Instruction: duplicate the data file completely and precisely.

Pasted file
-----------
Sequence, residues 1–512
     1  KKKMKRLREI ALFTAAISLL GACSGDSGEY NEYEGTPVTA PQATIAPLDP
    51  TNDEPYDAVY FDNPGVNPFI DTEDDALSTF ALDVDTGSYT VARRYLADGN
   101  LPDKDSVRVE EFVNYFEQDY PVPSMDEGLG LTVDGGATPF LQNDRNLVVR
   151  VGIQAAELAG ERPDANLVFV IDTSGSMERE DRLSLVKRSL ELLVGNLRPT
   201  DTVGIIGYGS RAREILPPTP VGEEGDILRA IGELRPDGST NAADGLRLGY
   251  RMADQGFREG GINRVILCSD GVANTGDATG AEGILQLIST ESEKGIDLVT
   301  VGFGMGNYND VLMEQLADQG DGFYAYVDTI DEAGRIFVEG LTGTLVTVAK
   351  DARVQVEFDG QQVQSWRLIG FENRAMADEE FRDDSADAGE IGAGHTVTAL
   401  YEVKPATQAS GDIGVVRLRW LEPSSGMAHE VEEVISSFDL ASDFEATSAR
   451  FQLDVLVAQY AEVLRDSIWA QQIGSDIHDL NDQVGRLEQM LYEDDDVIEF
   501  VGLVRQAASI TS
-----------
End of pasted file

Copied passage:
Sequence, residues 1–512
     1  KKKMKRLREI ALFTAAISLL GACSGDSGEY NEYEGTPVTA PQATIAPLDP
    51  TNDEPYDAVY FDNPGVNPFI DTEDDALSTF ALDVDTGSYT VARRYLADGN
   101  LPDKDSVRVE EFVNYFEQDY PVPSMDEGLG LTVDGGATPF LQNDRNLVVR
   151  VGIQAAELAG ERPDANLVFV IDTSGSMERE DRLSLVKRSL ELLVGNLRPT
   201  DTVGIIGYGS RAREILPPTP VGEEGDILRA IGELRPDGST NAADGLRLGY
   251  RMADQGFREG GINRVILCSD GVANTGDATG AEGILQLIST ESEKGIDLVT
   301  VGFGMGNYND VLMEQLADQG DGFYAYVDTI DEAGRIFVEG LTGTLVTVAK
   351  DARVQVEFDG QQVQSWRLIG FENRAMADEE FRDDSADAGE IGAGHTVTAL
   401  YEVKPATQAS GDIGVVRLRW LEPSSGMAHE VEEVISSFDL ASDFEATSAR
   451  FQLDVLVAQY AEVLRDSIWA QQIGSDIHDL NDQVGRLEQM LYEDDDVIEF
   501  VGLVRQAASI TS